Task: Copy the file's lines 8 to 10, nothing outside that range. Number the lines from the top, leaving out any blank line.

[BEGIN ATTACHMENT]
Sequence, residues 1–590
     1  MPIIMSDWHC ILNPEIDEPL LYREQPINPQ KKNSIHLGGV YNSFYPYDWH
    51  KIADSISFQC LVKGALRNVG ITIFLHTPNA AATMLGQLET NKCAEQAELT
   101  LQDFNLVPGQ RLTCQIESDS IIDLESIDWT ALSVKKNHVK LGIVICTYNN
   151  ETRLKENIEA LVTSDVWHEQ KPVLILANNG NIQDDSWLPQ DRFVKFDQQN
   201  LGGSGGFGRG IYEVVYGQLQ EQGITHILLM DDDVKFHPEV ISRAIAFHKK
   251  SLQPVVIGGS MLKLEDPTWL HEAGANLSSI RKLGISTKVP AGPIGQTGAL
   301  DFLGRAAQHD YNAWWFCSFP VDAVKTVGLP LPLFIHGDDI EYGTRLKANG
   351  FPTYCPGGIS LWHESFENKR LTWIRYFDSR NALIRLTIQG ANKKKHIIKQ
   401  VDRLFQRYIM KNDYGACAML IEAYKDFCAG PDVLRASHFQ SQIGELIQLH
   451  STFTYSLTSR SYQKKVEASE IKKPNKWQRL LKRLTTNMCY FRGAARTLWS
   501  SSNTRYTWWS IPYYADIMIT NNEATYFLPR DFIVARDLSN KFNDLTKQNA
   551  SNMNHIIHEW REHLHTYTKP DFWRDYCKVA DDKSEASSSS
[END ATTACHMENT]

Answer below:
   301  DFLGRAAQHD YNAWWFCSFP VDAVKTVGLP LPLFIHGDDI EYGTRLKANG
   351  FPTYCPGGIS LWHESFENKR LTWIRYFDSR NALIRLTIQG ANKKKHIIKQ
   401  VDRLFQRYIM KNDYGACAML IEAYKDFCAG PDVLRASHFQ SQIGELIQLH